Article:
The audience was silent and tense, with heads rapidly turning from the auctioneer to the two people engaged in a heated bidding match. “Going once, going twice, sold at 10,500!” he yelled. A balding man sniggered and instructed his accountant to write a cheque. The two bidders, accustomed to such thrilling encounters, shook hands. Kannan, a first-timer at the auction house mumbled discreetly: “I could have bought what they were fighting over in Chennai’s Pondy Bazaar for Rs600. This was an ego match.”
Murray and Company, which started out in Chennai’s Parrys’ area, opposite the high court on Thambu Chetty Street, has been thriving for the last 90 years. It started off by auctioning properties from the Madras high court and eventually became a household name in the 1960s.
In the 1920s, the last functioning British auction house, Dowden and Company, which worked out of Broadway in Chennai, moved back to the UK. Two years after Dowden’s departure, the government of India and the Madras high court expressed a need for auctioneers in the city. That year S Vedantam and his brother S Rajam started Murray and Company as an auctioneering firm specialising in immovable properties.
In 1930, a building that later became the Life Insurance Corporation’s office (and has now been demolished) functioned as the headquarters of the auction house. Everything from used machines and vehicles, industrial processes and maintenance scrap, unused spares, stock, and unclaimed cargo were sold off here. Thus began the custom of the famed Sunday Murray and Company auction.
Hemant Srivatsa, the auctioneer and one of the two partners of the auctioning and valuing firm, sat on a plush teakwood podium. Two men held up a gold plated imitation of a Ram Durbar painting. Srivatsa looked at the article and smirked. “My problem with this Durbar is that everyone is standing,” he said. But the audience was in bidding mode, and the wisecrack was lost in the confusion over the valued price.
“Bring an almirah, bring a toy, bring industrial scrap, bring your grandfather’s chair, Murray’s will handle it!” Kannan had said describing the auction held at Gemini Tower on Oct. 01. At least some of the 100-150 people present were seated on the antique chairs and sofas put up for auction. Many were present only for the spectacle and thrill.
Sujan Gangadhar, Srivatsa’s partner in the firm, took the dais and sighed looking at the clock. A hundred and seventy-six items still had to be auctioned in two-and-a-half hours. He positioned his glasses, took a deep breath and began. For Gangadhar, this was a test of stamina. For Srivatsa, it was about auctioning the right item at the right time.
The auction hall in Mount Road was where Ramnath Goenka once bought the Express Estate, where the Apollo Hospital property in Greams Road was auctioned off by the royal family of Kochi and where The Madras Club and the Agurchand Mansions were auctioned off.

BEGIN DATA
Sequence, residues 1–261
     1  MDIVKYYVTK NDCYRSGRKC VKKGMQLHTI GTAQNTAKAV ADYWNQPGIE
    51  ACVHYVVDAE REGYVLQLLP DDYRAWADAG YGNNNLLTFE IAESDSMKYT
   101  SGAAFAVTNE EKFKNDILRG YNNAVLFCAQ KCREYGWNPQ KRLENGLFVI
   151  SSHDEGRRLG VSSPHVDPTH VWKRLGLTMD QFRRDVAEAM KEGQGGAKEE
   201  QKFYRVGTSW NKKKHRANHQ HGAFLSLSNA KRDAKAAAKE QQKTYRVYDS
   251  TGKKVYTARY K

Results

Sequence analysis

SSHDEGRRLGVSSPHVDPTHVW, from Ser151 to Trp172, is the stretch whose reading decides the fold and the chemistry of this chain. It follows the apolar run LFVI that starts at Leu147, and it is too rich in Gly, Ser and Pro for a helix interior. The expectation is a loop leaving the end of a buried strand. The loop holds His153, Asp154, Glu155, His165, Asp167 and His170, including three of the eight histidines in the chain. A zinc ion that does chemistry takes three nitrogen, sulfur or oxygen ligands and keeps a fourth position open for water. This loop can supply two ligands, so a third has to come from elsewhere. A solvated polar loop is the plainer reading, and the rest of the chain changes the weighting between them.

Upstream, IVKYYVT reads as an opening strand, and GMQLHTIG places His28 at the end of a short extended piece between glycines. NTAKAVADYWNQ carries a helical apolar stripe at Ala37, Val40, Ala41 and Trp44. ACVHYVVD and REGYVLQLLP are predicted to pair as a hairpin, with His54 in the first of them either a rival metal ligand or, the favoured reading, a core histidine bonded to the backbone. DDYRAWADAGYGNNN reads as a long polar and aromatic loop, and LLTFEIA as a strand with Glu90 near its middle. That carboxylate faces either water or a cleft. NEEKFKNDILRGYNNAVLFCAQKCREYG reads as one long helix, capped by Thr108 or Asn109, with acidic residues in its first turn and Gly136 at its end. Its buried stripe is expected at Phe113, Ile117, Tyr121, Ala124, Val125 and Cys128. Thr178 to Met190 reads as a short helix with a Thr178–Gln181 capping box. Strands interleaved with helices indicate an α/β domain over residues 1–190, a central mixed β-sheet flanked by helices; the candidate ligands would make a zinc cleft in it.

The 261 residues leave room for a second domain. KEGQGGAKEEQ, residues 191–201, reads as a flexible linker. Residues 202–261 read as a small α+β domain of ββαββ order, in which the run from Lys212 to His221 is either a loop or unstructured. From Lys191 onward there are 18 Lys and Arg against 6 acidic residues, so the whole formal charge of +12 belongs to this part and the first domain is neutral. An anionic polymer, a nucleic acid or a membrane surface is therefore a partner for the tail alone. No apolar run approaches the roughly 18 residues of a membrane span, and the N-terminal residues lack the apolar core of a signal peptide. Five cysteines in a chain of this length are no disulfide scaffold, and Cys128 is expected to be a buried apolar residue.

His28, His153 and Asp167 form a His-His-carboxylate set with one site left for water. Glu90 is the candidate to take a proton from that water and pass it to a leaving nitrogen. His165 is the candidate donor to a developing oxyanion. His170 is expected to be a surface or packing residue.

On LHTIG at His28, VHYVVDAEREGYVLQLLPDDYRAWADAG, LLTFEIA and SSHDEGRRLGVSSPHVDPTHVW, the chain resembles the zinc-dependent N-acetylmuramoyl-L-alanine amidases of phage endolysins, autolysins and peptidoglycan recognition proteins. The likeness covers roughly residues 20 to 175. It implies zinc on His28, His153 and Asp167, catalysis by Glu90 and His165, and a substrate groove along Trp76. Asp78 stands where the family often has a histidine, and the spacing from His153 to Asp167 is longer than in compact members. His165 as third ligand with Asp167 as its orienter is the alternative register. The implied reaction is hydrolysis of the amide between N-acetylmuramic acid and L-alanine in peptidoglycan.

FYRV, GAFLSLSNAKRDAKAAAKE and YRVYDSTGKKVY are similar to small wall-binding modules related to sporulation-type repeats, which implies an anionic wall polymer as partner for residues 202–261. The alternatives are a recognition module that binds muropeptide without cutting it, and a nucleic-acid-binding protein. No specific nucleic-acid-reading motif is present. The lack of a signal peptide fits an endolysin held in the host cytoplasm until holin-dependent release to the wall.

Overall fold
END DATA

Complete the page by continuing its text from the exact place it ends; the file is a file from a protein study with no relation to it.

The humour at the Sunday auctions is timeless. According to many who attended auctions in the past, Rajam conducted the auctions best, peppering monotonous announcements with quips like: “Sold to the lady whose husband has his hand on her mouth!”
There were more elaborate jokes too. In the 1930s the founder secretary of Vidya Mandir School, Subbaraya Aiyer, a tall, heavy-set man, had squeezed himself into a child’s rocking chair during the auction in Mandaveli. Ramnath Goenka was visibly amused and bid for the rocking chair Aiyar sat on. Later, Goenka is believed to have had the chair delivered to Aiyar’s house with a note: “This chair suits you and I hope you enjoy it.”
In 1930, the Travancore Royal Family approached Aiyar and requested that Murray auction off their jewellery, chandeliers, and lustre lamps. “While the chandeliers and miscellaneous items were sold, the jewellery never was. To date, we have never known why,” Srivatsa said.
In a bid to preserve the sanctity of the auction, cellphone bids during the auction are not accepted. Telephone bids, however, are accepted and executed regularly. “We have a bidding form and we allow telephone bids in advance,” said Sujan, acknowledging that he saw a future in accepting remote bids, and might eventually reconsider his stance.
The process for auctioning curios begins with cataloguing them, recounting their history in a thorough fashion, described in poetic detail. Srivatsa navigates through the ebb and flow of the process.
“It’s all about maintaining that attention span through interest points,” he said. “A swivel chair will always follow a desk, not a piece of crockery.”
Property auctions hold equal weight, but the process is long drawn and rife with legal tussles. “Normally in mortgaged property and properties sold by the court, nobody likes to lose their property—so if there is a default, there is always a question of whether the auction was done correctly, and no lawyer worth his salt will cast a few allegations just to make his case stronger. But the proof is in the cross-examination,” said Gangadhar.
Srivatsa is a repository of history and adores the thrill of auctions. Gangadhar is more interested in securing Murray’s future. “Online auctions, e-auctions are the way to go,” he said. “People don’t have the time to sit through an auction anymore. They want specifics, they want to save time. Unfortunate perhaps, that this generation will not discover the thrill of auctions. We intend to keep the physical auctions, but want to tap the market that bids from their computer.”